Clinical faculty who specialize in research on addictions and substance abuse include Stephen Lisman (etiology and motivation to abuse alcohol); and integrative neuroscience faculty in our department including Norman and Linda Spear (developmental consequences of alcohol/drug use; contributors to alcohol and drug abuse initiation in adolescence) and Lisa Savage (alcohol-induced brain damage); and other neuroscience faculty. These faculty offer coursework and collaboration opportunities for clinical students seeking a broader base of training in addictions.
A strength of the clinical program is the expertise of the faculty in various aspects of adult psychopathology and interventions. Steven Lynn examines the impact of traumatic events and the effects of hypnosis, cognitive therapy, dissociation and brief interventions. Donald Levis studies the nature of fears and their extinction through implosive therapy.
Meredith Coles studies the etiology, maintenance and treatment of obsessive compulsive disorder and social phobia.
Brandon Gibb studies cognitive and interpersonal vulnerabilities to depression.
Mark Lenzenweger is an experimental psychopathologist with interests in two major areas: – schizotypy/schizophrenia as well as severe personality disorders.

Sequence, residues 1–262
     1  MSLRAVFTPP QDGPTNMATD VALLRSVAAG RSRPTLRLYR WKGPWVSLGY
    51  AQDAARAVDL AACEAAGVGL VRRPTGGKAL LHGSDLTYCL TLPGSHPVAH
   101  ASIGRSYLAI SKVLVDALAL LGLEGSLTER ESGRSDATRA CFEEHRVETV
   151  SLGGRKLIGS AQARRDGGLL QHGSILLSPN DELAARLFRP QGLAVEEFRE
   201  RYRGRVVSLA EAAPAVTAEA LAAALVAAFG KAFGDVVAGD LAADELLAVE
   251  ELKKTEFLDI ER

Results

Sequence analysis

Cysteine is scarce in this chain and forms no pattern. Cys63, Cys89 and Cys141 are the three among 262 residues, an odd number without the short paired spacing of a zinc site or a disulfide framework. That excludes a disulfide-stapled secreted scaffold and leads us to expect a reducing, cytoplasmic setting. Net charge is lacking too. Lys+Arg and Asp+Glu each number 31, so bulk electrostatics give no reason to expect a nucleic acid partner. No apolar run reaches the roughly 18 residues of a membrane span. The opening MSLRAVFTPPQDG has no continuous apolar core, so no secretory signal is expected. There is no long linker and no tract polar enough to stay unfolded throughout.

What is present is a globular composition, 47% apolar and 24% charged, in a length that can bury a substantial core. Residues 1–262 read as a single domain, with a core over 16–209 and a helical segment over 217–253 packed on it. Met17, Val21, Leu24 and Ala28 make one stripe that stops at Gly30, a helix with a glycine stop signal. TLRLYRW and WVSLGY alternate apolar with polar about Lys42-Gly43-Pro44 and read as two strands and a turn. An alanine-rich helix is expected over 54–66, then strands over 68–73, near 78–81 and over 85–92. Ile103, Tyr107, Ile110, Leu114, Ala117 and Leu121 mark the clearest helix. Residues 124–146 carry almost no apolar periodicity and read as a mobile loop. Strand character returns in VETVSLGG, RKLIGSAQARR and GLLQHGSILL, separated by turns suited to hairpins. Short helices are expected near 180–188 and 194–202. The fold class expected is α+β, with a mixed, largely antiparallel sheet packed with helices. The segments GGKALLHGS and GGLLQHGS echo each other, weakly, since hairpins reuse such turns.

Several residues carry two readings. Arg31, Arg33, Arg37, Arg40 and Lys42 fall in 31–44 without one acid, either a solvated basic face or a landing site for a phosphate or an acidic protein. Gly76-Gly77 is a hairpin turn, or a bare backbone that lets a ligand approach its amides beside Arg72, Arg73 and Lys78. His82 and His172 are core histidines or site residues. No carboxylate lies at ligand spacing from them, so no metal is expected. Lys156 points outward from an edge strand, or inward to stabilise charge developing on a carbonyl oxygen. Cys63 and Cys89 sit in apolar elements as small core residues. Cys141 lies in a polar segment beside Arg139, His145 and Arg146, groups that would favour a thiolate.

Their work is enhanced by the collaborative efforts of various colleagues such as Matthew Johnson (developmental course of marriage), Celia Klin (cognitive processes, reading comprehension), Albrecht Inhoff (eyetracking) and Ralph Miller (information processing in animals).
Our program continues to be known for its strength in research and training in child psychology. Raymond Romanczyk is founder of and director of the Institute for Child Development, which comprises both the Childrens' Unit for Treatment and Evaluation (C.U.T.E.) and the Childrens' Unit for Learning Disabilities (C.U.L.D.). Emphasizing a strong clinical-behavioral and systems approach, the institute serves as a research and clinical training resource for students, as well as a setting for assessment practicum. Children served range from those with severe developmental disorders such as autism and developmental disabilities to those with poor attention skills or behavioral problems in school. For over 20 years, the units have been involved with virtually every school district in a 50-mile radius, providing graduate students with real-world experience across all domains of service provision.
Meredith Coles is director of the Binghamton Anxiety Clinic, a research and training clinic devoted to obsessive compulsive disorder and social phobia in both children and adults. The clinic provides graduate students with training in empirically based assessment of anxiety and cognitive-behavioral treatment of anxiety. Research on factors that contribute to childhood anxiety is also studied in the clinic. Finally, Coles and her students are actively engaged in research spanning development from childhood to adulthood, seeking to elucidate psychosocial vulnerabilities to cbsessive compulsive disorder.
Alice Friedman is the director of the Louis Marx, Jr. Center for Children and Families. The center facilitates the conduct of treatment outcome studies of children with behavioral problems and medical illness and their families.